An increase in our borrowing costs may adversely affect our earnings and cash available for distribution to our shareholders; a decrease in interest rates may result in margin calls and losses on hedging contracts and cash available for distribution to our shareholders.
We enter into repurchase agreements to finance a portion of the purchase price of our debt investments. Our repurchase agreements typically have terms to maturity with expiration dates in 2008, requiring renewal, roll-over or replacement. Further, we utilize credit facilities to finance a portion of the purchase price of our aircraft. Our credit facilities have maturity dates ranging from April 15, 2008, in the case of the 747 PDP Credit Facility, to December 15, 2008, in the case of Amended Credit Facility No. 2. As our repurchase agreements and credit facilities mature, we will be required to either refinance these instruments by entering into new repurchase agreements or credit facilities, which could result in higher borrowing costs, or repay them by using cash on hand or cash from the sale of our assets.
Our repurchase agreements and credit facilities are primarily London Interbank Offered Rate, or LIBOR, based floating-rate obligations and the interest expense we incur will vary with changes in the applicable LIBOR reference rate. As a result, to the extent we are not sufficiently hedged, changes in interest rates may increase our interest costs and may reduce the spread between the returns on our portfolio investments and the cost of our borrowings. An increase in interest rates would adversely affect the market value of our debt investments that are fixed-rate and/or subject them to prepayment or extension risk, which may adversely affect our earnings and cash available for distribution to our shareholders. A decrease in interest rates may result in margin calls under certain of our hedging contracts, which allow our hedging counterparty to require us to pledge cash collateral to secure a loss in value of such contracts resulting from a decrease in interest rates below levels prevailing when we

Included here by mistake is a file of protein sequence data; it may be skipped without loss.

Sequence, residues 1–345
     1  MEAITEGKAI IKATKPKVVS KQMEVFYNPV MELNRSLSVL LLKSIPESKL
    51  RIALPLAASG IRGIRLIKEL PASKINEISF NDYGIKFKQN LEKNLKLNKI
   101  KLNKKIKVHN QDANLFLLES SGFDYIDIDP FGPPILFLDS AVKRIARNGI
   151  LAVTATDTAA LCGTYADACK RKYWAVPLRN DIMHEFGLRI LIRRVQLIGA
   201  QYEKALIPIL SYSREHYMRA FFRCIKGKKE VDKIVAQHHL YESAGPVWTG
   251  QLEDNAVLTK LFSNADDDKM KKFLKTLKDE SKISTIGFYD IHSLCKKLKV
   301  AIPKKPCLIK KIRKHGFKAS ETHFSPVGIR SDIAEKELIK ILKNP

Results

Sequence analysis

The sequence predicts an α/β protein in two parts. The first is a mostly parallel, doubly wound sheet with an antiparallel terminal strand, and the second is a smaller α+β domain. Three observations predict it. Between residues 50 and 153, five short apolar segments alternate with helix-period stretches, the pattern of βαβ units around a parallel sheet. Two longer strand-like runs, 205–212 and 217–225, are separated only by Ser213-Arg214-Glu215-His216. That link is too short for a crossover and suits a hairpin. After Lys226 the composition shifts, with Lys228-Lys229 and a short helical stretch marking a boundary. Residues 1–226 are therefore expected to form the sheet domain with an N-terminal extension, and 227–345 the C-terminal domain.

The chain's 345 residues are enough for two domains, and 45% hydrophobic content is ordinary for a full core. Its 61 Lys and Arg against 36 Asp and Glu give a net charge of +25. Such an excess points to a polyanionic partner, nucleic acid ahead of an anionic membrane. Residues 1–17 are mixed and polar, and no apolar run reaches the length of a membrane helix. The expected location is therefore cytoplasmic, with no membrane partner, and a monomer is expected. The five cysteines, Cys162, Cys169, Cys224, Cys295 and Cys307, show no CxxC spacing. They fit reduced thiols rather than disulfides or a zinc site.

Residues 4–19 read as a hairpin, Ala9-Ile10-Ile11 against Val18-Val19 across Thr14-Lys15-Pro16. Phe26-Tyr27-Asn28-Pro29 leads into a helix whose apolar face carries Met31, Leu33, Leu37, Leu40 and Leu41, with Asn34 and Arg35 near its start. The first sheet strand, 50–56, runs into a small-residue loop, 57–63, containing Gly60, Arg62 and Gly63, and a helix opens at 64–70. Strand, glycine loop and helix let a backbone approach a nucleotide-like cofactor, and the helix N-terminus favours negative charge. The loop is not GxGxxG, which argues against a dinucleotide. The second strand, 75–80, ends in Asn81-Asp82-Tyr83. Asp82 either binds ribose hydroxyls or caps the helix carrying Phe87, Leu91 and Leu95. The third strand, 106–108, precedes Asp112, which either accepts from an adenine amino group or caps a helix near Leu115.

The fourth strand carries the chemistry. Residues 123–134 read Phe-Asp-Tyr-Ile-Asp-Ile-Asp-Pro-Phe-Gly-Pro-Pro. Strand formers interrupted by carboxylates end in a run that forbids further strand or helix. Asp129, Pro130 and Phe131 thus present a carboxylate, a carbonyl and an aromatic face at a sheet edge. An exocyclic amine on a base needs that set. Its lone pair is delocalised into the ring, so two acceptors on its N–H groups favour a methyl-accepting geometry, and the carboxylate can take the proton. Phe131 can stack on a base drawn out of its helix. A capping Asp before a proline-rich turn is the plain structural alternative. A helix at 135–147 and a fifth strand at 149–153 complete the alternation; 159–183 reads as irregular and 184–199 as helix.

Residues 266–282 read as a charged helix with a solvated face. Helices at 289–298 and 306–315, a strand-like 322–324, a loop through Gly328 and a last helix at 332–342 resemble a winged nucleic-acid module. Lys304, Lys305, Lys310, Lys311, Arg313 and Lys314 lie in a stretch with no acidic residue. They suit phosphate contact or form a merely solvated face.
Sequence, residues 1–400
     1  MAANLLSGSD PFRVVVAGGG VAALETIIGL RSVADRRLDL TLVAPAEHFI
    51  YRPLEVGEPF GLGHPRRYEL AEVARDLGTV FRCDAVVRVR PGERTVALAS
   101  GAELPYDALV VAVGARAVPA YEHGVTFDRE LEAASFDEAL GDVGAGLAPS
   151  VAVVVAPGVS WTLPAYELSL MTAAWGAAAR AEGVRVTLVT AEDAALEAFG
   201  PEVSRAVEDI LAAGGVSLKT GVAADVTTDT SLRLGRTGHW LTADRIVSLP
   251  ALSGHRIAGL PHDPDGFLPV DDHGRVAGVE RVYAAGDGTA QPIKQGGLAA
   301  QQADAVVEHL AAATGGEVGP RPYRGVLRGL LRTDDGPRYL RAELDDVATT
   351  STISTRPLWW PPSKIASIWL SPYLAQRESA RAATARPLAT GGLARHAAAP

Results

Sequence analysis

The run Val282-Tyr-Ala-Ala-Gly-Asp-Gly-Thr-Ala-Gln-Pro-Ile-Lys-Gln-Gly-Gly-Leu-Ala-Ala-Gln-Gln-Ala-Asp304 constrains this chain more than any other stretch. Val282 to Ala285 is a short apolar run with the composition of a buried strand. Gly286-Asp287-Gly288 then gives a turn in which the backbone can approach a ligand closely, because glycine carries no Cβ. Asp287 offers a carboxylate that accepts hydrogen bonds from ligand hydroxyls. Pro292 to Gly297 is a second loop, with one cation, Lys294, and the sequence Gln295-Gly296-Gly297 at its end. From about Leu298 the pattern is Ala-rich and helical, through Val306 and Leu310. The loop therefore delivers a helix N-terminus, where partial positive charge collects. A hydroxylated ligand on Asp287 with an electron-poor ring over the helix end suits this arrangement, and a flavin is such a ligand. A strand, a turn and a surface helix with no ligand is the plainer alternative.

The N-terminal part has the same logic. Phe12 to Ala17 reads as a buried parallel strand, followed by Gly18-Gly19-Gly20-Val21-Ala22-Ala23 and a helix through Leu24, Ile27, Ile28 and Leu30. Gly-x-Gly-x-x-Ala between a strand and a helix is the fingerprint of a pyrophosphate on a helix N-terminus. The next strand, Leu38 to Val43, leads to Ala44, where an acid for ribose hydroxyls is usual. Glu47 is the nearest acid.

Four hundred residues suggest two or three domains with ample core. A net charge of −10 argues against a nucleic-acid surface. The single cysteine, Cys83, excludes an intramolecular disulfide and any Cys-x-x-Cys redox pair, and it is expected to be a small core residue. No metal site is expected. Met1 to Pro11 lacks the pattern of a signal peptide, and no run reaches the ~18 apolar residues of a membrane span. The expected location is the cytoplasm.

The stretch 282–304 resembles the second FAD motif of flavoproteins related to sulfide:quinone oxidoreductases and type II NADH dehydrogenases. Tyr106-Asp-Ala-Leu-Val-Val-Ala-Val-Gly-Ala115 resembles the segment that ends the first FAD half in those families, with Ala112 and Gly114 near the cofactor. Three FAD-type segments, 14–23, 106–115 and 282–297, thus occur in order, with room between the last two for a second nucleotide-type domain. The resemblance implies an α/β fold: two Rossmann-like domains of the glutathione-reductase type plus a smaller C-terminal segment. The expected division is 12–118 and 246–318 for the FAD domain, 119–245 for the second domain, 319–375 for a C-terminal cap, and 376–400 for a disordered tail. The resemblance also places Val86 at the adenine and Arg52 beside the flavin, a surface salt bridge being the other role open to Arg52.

entered into such contracts. We also may suffer economic loss if we terminate any such contracts before they mature in connection with a refinancing of our short-term credit facilities, or otherwise.